The most recent report from the Congressional Budget Office (CBO) used the following language it the summary section:
The resulting rise in the projected rates of………….is noteworthy.
“Noteworthy” is an interesting word for the CBO to use. Normally, the reports don’t use words like that, so the word is, by itself, noteworthy. If I was writing the report I would have stepped it up from the CBO language. I would have used:
Holy Smokes! Look at this will ya! The country is trying to fix one problem – but the consequences of the “fix” – will be far greater than the benefits! We’re shooting ourselves in the foot! What are these people doing??
The CBO report is a discussion of the Full Retirement Age (FRA). How could that be interesting, and why is it noteworthy? Some background.
In a few years, Social Security will (gradually) increase the FRA from 65 years, to 66. This change in eligibility has been on the books for some time, so no one should be surprised when it happens.
If you put your economics hat on for a moment, and ponder the broader implications of changing the FRA, you probably would conclude that increasing the FRA causes older people to stay in the workforce longer. That conclusion is pretty obvious, and by itself, is not noteworthy. What is worthy of note is how significant the implications of adjusting the FRA are. The CBO estimates:
INCREASED LABOR FORCE PARTICIPATION
FROM CHANGING FRA
Men aged 62-64 = +3%
Men aged 65-69 = +4%
Women aged 62-64 = +4%
Women aged 65-69 = +4%
If you look at these results and conclude that the 3-4% changes over a 5-8 year period is a rounding error, and not of any consequence, you would be wrong. This is a very big deal. In this case, “Holey Smokes” for me, and “Noteworthy” for the CBO, are appropriate reactions.
Put the Eco 101 hat on again, and you can immediately conclude:
Changing the FRA by just one year, will translate into a generational increase in youth unemployment.
Changing FRA will reduce upward mobility for all workers who are under 50. This will be a permanent change.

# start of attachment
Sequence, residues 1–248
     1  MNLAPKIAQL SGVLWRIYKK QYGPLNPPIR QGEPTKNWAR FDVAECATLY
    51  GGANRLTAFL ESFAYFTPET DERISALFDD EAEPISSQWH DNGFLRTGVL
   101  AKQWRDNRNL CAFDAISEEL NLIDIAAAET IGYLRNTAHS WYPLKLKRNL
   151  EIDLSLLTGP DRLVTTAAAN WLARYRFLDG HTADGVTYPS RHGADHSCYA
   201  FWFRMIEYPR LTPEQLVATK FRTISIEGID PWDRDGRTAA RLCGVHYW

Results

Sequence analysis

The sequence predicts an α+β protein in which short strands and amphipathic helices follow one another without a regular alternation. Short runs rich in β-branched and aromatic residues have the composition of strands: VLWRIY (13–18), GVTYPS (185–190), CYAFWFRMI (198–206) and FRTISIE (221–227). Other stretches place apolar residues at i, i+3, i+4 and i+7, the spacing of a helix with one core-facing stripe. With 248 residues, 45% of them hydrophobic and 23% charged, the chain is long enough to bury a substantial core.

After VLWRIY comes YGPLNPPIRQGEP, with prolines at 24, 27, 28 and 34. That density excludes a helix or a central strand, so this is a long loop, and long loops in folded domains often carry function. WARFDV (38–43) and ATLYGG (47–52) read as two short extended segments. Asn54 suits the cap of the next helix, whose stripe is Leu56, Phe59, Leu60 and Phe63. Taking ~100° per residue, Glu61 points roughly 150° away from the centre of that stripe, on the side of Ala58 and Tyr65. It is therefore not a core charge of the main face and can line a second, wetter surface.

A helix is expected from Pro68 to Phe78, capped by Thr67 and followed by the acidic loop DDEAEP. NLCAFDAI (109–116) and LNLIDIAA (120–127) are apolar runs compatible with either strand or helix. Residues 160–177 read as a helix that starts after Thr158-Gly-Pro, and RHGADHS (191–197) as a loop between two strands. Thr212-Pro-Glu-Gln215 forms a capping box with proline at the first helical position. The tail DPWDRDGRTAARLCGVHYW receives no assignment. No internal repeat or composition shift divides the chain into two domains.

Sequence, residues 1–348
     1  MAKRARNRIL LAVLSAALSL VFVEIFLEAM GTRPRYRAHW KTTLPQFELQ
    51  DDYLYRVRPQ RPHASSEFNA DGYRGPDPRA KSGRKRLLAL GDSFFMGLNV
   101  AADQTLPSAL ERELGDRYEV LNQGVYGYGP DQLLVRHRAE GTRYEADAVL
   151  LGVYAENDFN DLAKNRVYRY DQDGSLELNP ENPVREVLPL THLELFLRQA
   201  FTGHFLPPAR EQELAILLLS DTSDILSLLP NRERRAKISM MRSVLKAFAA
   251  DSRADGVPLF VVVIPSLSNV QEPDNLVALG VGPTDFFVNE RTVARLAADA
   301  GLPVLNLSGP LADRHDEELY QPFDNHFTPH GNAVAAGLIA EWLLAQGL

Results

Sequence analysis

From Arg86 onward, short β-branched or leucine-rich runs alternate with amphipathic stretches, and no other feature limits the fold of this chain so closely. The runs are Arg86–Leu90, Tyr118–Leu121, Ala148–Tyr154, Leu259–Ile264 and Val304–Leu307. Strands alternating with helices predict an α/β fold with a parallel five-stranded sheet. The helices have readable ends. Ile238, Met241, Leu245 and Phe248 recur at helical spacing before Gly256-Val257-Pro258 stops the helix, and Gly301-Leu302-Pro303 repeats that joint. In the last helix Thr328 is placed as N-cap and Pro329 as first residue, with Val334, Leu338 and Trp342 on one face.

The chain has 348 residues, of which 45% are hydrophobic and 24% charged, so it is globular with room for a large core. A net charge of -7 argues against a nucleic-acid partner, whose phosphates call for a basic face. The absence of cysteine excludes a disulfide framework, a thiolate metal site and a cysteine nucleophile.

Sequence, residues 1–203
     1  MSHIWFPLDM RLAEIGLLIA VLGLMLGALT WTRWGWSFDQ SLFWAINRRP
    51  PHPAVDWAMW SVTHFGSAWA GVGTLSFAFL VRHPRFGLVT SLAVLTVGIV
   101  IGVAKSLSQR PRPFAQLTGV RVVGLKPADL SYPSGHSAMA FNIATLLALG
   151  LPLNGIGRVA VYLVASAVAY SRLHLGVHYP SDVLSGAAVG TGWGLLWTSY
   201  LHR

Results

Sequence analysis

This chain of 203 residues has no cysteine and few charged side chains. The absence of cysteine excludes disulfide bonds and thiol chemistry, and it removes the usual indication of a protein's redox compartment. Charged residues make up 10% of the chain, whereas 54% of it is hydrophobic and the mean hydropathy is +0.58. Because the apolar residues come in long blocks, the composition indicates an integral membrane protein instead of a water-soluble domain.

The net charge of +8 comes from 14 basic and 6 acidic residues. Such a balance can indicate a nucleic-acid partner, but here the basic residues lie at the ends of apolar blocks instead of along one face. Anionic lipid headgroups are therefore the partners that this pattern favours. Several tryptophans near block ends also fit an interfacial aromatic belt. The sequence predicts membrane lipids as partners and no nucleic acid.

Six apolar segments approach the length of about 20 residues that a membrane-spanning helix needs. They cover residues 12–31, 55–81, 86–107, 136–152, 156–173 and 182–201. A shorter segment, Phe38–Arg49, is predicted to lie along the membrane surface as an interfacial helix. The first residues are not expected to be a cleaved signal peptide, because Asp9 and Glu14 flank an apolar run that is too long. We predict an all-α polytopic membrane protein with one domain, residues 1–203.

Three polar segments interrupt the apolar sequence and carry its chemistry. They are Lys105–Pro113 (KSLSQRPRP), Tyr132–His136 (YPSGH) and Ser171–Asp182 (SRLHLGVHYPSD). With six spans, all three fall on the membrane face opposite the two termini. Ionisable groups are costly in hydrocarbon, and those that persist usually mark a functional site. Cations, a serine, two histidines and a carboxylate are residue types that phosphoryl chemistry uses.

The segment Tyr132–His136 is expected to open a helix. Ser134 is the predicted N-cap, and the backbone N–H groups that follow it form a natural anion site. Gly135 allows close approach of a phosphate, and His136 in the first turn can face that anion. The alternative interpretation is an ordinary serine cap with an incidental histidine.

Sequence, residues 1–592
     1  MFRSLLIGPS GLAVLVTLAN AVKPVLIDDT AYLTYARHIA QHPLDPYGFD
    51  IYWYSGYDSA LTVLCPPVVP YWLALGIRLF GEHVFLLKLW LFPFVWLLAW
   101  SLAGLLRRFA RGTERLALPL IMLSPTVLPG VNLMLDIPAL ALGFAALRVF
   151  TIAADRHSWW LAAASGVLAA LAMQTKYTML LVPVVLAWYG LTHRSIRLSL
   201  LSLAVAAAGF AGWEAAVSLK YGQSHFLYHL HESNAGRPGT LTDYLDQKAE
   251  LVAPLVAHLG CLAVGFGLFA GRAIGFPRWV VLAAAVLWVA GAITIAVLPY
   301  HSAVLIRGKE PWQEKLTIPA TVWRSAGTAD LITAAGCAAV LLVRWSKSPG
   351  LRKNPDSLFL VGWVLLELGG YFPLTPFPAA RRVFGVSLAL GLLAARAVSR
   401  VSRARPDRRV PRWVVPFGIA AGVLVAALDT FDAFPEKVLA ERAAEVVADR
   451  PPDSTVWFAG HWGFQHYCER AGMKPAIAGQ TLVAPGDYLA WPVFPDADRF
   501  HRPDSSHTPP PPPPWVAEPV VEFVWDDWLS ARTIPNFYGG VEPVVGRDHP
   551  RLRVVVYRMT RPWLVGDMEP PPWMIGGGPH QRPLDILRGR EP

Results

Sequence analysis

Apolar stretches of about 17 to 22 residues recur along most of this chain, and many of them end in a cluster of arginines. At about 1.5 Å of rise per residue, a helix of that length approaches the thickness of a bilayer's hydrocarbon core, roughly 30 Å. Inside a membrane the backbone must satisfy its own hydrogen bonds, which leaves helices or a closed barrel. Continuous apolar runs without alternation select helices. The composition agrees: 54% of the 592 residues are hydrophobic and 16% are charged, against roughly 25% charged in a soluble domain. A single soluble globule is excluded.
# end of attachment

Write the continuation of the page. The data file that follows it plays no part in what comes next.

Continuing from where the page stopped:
The timing of the CBO blog is interesting. The change in FRA will not happen for years, and its consequences will take years more to be felt. - “Who cares? We have plenty of pressing stuff today; worry about this one later” - is one way of thinking about this. But actually, the CBO report is very timely and on point.
Over the next month we will (hopefully) hear some serious proposals on how to change the direction of spending and debt. The CBO sent a message to the legislators who will be crafting the “fixes”. There was no reference to the debt ceiling in the report, but the conclusions are obvious. I think what the CBO was trying to say was:
Beware of what you do with your fixes. Changing the age limits for SS and Medicare will backfire one day. You are trading an accounting problem for a social/economic problem to be. There is already a huge intergenerational transfer of wealth programed into the system with SS/Medicare. Do you really want to add to that burden?
Note: I’m quite sure that changing age limits will be part of the “fixes”. They are “painless” solutions, as the changes would not become effective for many years, and be phased in thereafter. So this is a politically cheap way of kicking the can a generation or so, and then claiming success.
I have no answer to this. I know it’s not a Platinum Coin. Nor is it 200 – 300% debt to GDP. I see that it is tempting to bend things to preserve a system today, at the expense of future generations. I also believe that some bending is necessary.
But lets not kid ourselves, we are shooting arrows at younger workers. The arrows will take years to land, but they will land, and when they do, they will hit 24 year olds.
What will come in the next few weeks will prove to be a huge pass-of-the-buck. No doubt, everyone will celebrate that result. Shooting arrows at kids who are five years old today is nothing to celebrate, even if the arrows won’t hit for another decade or two.